Research Article: The Incidence of Postpartum Hemorrhage in Pregnant Women with Placenta Previa: A Systematic Review and Meta-Analysis

Date Published: January 20, 2017

Publisher: Public Library of Science

Author(s): Dazhi Fan, Qing Xia, Li Liu, Shuzhen Wu, Guo Tian, Wen Wang, Song Wu, Xiaoling Guo, Zhengping Liu, Cassandra Nichole Spracklen.

http://doi.org/10.1371/journal.pone.0170194

Abstract

The global burden of postpartum hemorrhage (PPH) in women with placenta previa is a major public health concern. Although there are different reports on the incidence of PPH in different countries, to date, no research has reviewed them.

The aim of this study was to calculate the average point incidence of PPH in women with placenta previa.

A systematic review and meta-analysis of observational studies estimating PPH in women with placenta previa was conducted through literature searches in four databases in Jul 2016. This study was totally conducted according to the MOOSE guidelines and in accordance with the Preferred Reporting Items for Systematic Reviews and Meta-Analyses standard.

From 1148 obtained studies, 11 included in the meta-analysis, which involved 5146 unique pregnant women with placenta previa. The overall pooled incidence of PPH was 22.3% (95% CI 15.8–28.7%). In the subgroup, the prevalence was 27.4% in placenta previas, and was 14.5% in low-lying placenta previa; the highest prevalence was estimated in Northern America (26.3%, 95%CI 11.0–41.6%), followed by the Asia (20.7%, 95%CI 12.8–28.6%), Australia (19.2%, 95% CI 17.2–21.1%) and Europe (17.8%, 95% CI, 11.5%-24.0%).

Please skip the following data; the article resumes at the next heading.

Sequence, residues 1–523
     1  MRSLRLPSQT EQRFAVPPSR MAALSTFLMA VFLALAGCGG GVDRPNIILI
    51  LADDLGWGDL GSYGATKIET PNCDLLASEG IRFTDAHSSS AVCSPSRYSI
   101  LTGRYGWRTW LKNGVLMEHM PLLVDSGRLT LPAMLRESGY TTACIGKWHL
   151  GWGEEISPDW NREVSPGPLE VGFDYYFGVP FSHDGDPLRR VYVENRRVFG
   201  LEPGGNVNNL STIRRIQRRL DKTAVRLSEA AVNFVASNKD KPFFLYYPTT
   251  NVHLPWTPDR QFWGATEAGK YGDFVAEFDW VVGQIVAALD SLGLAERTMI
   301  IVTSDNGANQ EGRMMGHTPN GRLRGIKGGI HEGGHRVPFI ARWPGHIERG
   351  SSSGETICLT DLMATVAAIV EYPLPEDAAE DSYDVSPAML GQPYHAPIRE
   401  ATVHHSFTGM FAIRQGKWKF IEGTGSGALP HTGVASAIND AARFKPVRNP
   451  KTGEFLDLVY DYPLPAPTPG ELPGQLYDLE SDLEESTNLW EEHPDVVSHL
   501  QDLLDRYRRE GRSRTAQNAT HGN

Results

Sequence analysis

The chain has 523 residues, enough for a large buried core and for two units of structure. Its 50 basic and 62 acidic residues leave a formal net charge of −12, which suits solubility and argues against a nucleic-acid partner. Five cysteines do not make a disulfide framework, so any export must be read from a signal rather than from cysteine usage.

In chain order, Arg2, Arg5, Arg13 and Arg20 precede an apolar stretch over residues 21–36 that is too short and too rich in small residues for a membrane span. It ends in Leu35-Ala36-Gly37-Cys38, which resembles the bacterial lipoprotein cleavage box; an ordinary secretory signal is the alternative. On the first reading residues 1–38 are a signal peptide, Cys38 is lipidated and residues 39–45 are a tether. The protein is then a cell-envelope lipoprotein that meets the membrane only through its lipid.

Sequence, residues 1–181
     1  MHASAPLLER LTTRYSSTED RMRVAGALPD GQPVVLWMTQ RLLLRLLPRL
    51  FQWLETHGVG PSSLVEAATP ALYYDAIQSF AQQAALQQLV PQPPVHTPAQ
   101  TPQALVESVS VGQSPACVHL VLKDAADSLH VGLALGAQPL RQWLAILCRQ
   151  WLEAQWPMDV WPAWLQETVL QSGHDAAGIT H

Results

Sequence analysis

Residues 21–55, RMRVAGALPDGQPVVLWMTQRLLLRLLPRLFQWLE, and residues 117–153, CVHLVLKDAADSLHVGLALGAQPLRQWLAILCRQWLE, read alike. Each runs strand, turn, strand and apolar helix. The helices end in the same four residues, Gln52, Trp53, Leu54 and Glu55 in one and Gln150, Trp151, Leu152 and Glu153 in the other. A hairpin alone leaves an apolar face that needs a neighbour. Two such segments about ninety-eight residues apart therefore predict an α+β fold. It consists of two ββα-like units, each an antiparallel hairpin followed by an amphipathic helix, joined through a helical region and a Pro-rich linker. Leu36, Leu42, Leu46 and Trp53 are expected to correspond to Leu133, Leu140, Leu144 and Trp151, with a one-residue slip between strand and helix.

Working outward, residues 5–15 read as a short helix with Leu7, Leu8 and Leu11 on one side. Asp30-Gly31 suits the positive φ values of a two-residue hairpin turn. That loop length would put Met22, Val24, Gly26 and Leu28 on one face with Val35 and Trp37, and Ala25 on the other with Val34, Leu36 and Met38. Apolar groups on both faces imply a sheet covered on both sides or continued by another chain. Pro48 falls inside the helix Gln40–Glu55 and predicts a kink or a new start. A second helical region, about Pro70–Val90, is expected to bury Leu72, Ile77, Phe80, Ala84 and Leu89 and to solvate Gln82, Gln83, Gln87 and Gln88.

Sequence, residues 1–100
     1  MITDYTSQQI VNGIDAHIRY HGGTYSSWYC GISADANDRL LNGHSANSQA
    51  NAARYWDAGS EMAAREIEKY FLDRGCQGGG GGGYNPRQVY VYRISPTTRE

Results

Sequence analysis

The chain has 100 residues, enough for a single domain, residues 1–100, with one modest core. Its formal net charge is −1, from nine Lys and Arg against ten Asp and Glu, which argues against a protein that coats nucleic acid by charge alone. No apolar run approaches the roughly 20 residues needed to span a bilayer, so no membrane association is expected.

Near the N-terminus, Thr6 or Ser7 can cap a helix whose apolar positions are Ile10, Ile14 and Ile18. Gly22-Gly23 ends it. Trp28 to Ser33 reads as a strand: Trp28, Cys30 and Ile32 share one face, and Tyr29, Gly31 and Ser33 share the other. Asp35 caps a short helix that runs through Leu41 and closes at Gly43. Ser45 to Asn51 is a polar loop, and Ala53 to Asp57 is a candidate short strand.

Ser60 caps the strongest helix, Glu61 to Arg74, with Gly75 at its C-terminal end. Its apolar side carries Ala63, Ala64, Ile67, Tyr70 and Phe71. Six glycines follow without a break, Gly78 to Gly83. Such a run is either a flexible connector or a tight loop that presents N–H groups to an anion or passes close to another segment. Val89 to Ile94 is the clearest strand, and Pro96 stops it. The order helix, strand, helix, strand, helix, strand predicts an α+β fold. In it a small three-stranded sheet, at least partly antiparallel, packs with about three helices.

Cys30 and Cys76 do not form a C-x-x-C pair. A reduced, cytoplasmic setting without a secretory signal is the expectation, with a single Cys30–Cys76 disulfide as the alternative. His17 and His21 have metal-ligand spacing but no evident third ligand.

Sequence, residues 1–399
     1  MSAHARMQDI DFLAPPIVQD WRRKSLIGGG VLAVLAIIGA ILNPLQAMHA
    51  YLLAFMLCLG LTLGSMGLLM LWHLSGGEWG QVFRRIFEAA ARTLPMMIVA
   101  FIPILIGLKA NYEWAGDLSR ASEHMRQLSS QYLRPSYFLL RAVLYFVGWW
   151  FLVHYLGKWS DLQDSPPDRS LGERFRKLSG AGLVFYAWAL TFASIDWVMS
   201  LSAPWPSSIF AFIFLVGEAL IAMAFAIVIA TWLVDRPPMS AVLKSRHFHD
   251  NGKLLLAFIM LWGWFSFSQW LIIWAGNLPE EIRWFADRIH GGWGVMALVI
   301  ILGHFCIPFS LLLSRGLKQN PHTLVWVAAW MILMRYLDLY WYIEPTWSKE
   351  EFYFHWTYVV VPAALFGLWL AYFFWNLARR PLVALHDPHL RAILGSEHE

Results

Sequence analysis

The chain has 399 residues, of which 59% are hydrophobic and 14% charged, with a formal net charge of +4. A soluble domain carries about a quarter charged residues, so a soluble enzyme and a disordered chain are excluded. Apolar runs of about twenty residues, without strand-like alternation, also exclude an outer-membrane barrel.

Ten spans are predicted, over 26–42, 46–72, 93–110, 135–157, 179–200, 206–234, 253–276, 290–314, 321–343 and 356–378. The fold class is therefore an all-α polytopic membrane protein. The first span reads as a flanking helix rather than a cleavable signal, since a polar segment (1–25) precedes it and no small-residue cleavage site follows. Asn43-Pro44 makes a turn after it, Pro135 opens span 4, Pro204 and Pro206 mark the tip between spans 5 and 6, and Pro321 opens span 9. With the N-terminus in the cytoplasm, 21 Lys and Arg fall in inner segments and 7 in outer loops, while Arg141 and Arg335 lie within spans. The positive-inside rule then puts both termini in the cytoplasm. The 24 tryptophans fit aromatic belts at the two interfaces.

The summary estimate of the incidence of PPH among women with placenta previa was considerable in this systematic review. The results will be crucial in prevention, treatment, and identification of PPH among pregnant women with placenta previa and will be contributed to the planning and implantation of relevant public health strategies.

Partial Text

Placenta previa (PP) is characterized by the abnormal placenta overlying the endocervical os, and it is known as one of the most feared adverse maternal and fetal-neonatal complications in obstetrics [1, 2]. All placentas overlying the os (to any degree) are termed previas and those near to but not overlying the os are termed low-lying [3]. There appears to be an association between endometrial damage and uterine scarring and subsequent placenta previa [4]. Meanwhile, the condition is frequently complicated by invasion of placental villi beyond the decidua basalis causing placenta accreta or increta [5]. Placenta increta can unexpectedly lead to catastrophic blood loss, multiple complications, and even death [6]. Thus, women with placenta previa have often increased the risk of postpartum hemorrhage (PPH).

This systematic review was conducted according to the MOOSE guidelines [20] and in accordance with the Preferred Reporting Items for Systematic Reviews and Meta-Analyses (PRISMA) standard [21]. Supporting information showed the protocol and checklist (S1 Protocol and S1 Checklist).

The aim of this systematic review and meta-analysis is to study the present status of the incidence of postpartum hemorrhage (PPH) in pregnant women with placenta previa (PP) and explore the determinants of PPH incidence. To our knowledge, this systematic review is the first meta-analysis and provides a comprehensive overview of the current literature. Based on the data of 11 articles including 14 unique studies, PPH incidence rate (22.3%) remains high, approximately 4-fold higher than among all women, in pregnant women with placenta previa. With reference to types of placenta previa, lower PPH incidence rate was demonstrated in low-lying placenta pregnant women (14.5%). When evaluated by study region, the incidence was high in North America (26.3%), intermediate in Asia (20.7%) and Australia (19.2%) and low in Europe (17.8%). In addition, it was also found that prior cesarean section associated with increased risk for PPH.

 

Source:

http://doi.org/10.1371/journal.pone.0170194

 

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